Updated on May 21, 2017
COL17A1, Foxc1, Brotzu: Weekly Thoughts 2/8/16
Hello everybody, nice to be back here with you again. There seems to have been a surge of hair growth related news as of late which makes it a great time to do some reporting. Without further ado, here are your Weekly Thoughts.
COL17A1 and Hair Follicle Aging
A major key to understanding the process of hair follicle miniaturization has been discovered and could lead to new therapies aimed at keeping healthy hair follicles cycling. Emi Nishimura and Hiroyuki Matsumura headed the team of researchers at the Tokyo Medical and Dental University in Japan to complete this study. The findings were released in an article for Science magazine earlier this month. The article explains that Nishimura et al. examined hair follicle stem-cell growth cycles in mice which lead them to notice a depletion of a protein, Collagen 17A1, in older mice/follicles. The lack of COL17A1 in older hair follicles is caused by age related DNA damage. When there is a lack of COL17A1 present, the hair follicle stem cells turn into skin-producing cells also known as keratinocytes. Thus, when the hair follicle stem cells turn into skin instead of turning into cells that feed hair follicles, the hair follicles of the scalp become smaller. And there you have it.
So, how is this useful? The main idea here is that age related DNA damage leads to a lack of COL17A1. This would lead me to believe there are three useful avenues to pursue for actualizing this research into a treatment. 1) Prevent DNA from being damaged. 2) Add a supply of COL17A1 to the scalp. 3) Do both. I was surprised to read that Collagen 17A1 is a protein. This is interesting because proteins can easily be synthesized (created in a lab). I would assume that the idea of administering COL17A1 to the scalp through injection or topically has already been pondered by the researchers.
Foxc1 also in the Mix
The COL17A1 news was recently coupled with the release of research done by Rui Yi and colleagues at the University of Colorado, Boulder. Yi, a biologist at UCB, found that a transcription factor known as Foxc1 also plays a role in the hair follicle growth cycle. Through research done on mice, Yi and colleagues found that active hair follicle stem cells express Foxc1 to pause their growth cycle and go into a dormant stage. When the team bread mice with the Foxc1 removed from the mice biology, the hair follicle stem cells did not go into a dormant state and kept growing. Yi noted that by interfering with Foxc1 or removing it completely there is the potential to induce continued hair cell proliferation which leads to hair growth.
Dr. Brotzu Hair Growth Lotion
Ciao, bella. Italy has always been a place of interesting hair growth research. The latest news comes from Dr. Giovanni (John) Brotzu, a vascular surgeon of the University of Cagliari, Italy. Apparently, a lotion has been developed by Dr. Brotzu that can halt the progression of hair loss and regrow hair. Dr Brotzu discovered his potential treatment for hair growth while testing a drug for vascular insufficiency in patients with diabetes. Interestingly, hair loss on the legs is a common symptom of vascular insufficiency. After noticing increased hair growth on the legs of the patients in the study, one of the doctors in the study suggested testing the compound on the scalp of a nurse with hair loss at the hospital. Initially, the concoction consisted of PGE1 (Prostoglandin E1), but when Brotzu and his associates realized that PGE1 would have to go through lengthy clinical trials because it was considered a drug, they searched for an alternative. Their solution was DGLA, or Dihomo-Gamma-Linolenic-Acid, which is a precursor to PGE1. DGLA would make the solution much cheaper and faster to develop because the product would still be considered a “cosmetic” with DGLA. Dr. Brotzu reported that the replacement ingredient had the same effects as the original and went forward with the research. Update: There is still one more clinical trial for this product planned in March 2016 and if all goes well it could be available in 2017. Sounds fun.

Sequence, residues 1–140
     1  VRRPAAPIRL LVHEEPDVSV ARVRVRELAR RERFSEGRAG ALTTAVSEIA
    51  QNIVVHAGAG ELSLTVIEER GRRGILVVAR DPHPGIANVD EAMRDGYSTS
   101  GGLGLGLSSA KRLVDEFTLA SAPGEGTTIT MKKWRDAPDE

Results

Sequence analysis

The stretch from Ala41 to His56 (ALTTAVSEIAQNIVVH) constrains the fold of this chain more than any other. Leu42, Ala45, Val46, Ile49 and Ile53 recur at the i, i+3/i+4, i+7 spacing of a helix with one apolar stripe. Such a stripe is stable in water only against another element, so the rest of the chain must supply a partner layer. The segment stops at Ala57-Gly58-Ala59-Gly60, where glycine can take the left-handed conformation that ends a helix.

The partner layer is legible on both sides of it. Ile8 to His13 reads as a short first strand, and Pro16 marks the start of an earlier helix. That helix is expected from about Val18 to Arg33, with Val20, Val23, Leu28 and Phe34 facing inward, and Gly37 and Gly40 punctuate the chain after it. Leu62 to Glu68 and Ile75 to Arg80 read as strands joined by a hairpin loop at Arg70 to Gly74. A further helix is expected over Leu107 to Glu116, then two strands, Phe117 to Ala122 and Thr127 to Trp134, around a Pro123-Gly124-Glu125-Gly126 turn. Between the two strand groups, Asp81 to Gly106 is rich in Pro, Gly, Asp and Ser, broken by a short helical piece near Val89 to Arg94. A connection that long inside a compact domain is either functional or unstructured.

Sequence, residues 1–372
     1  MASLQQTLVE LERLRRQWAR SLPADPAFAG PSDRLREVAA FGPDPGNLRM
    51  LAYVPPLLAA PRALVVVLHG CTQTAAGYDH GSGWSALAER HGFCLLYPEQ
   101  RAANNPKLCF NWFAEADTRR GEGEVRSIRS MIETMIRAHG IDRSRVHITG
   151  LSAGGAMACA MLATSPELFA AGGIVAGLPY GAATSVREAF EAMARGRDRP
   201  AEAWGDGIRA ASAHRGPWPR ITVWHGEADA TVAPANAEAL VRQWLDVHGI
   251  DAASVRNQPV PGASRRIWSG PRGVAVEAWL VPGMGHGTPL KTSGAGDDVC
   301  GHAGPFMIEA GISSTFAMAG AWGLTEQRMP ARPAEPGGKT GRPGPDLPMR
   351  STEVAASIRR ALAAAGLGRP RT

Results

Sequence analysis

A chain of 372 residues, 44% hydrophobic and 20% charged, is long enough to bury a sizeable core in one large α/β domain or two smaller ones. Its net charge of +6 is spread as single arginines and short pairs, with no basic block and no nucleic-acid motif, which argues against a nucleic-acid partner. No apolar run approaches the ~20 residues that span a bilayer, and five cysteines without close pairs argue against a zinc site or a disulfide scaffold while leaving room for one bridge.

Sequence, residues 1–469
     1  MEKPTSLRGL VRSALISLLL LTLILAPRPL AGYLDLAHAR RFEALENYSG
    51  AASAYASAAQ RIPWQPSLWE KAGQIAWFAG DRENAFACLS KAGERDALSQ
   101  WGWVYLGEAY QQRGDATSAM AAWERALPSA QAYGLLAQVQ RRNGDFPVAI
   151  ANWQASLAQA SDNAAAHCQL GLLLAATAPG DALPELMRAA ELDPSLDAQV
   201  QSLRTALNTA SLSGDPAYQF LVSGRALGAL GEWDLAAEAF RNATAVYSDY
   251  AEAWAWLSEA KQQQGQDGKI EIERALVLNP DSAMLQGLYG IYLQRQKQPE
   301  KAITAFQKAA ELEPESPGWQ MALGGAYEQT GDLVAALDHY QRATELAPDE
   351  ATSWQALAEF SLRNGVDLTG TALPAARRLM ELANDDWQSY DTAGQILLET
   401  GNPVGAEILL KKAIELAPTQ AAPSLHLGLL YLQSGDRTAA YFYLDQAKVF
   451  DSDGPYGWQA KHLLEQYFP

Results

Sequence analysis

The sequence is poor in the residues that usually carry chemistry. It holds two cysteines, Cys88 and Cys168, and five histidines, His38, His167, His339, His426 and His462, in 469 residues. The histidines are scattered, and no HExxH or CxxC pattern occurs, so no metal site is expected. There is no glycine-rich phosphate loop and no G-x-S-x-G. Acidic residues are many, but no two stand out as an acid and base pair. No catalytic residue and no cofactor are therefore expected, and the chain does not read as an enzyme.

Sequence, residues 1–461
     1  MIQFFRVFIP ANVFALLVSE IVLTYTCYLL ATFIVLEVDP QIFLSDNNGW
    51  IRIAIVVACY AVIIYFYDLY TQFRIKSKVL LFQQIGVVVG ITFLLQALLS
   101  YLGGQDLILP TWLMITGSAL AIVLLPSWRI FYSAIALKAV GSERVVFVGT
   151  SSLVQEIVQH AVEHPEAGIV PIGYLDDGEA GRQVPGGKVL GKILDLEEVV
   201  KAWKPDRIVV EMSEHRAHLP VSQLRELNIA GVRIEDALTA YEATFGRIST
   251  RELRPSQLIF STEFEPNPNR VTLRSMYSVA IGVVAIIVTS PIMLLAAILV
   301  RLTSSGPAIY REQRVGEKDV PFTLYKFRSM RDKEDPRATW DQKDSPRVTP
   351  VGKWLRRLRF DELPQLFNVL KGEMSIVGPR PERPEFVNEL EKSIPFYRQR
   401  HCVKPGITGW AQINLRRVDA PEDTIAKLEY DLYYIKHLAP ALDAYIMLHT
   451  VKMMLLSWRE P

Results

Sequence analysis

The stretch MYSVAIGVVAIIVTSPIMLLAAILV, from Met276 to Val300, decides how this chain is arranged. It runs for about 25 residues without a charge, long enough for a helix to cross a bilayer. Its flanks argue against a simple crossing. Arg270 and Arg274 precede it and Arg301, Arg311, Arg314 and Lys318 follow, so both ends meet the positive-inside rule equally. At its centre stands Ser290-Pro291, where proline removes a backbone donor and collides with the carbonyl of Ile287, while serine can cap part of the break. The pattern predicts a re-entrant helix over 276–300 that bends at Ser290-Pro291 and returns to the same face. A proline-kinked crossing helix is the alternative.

Here’s some (translated) quotes from Dr Brotzu on the scientific action of his product.
“It is known that prostaglandin E1 acts on the endothelial cell receptors by stimulating growth of new capillaries by improving the functions of the skin cells. It also produces a vasodilatation of these which can determine the healing of skin diseases and improve the blood flow of the hair bulb.”
“Equol and DGLA have two different actions. The equol blocks the synthesis of dihydrotestosterone from testosterone, preventing it from causing a contraction and narrowing of vascular sphincter. The DGLA acts on microcirculation, improving the elastic features of endothelial cells, making pervious and increasing the ability to generate neoangiogenesis (formation of new capillaries).“
The product that Dr. Brotzu will reportedly bring to market involves cationic liposomes for delivery, Dihomo-Gamma-Linolenic-Acid (DGLA), equol, and carnitine. According to Brotzu, the synergistic effect of DGLA with equol and carnitine produces an effect that is much greater than any of them separately; the cationic liposomes get the ingredients to the important parts of the scalp biology so they can be effective.
Everything about this sounds well. Dr. Brotzu is a reputable doctor, and like most cases in hair growth discovery, this phenomenon was found while attempting to treat another medical condition. Dr. Brotzu’s father actually discovered a specific type of antibiotic named cephalosporins and has a university medical building named after him.
If this product will actually turn out to be a viable treatment for hair growth, like every new product that is announced, we will just have to wait and see.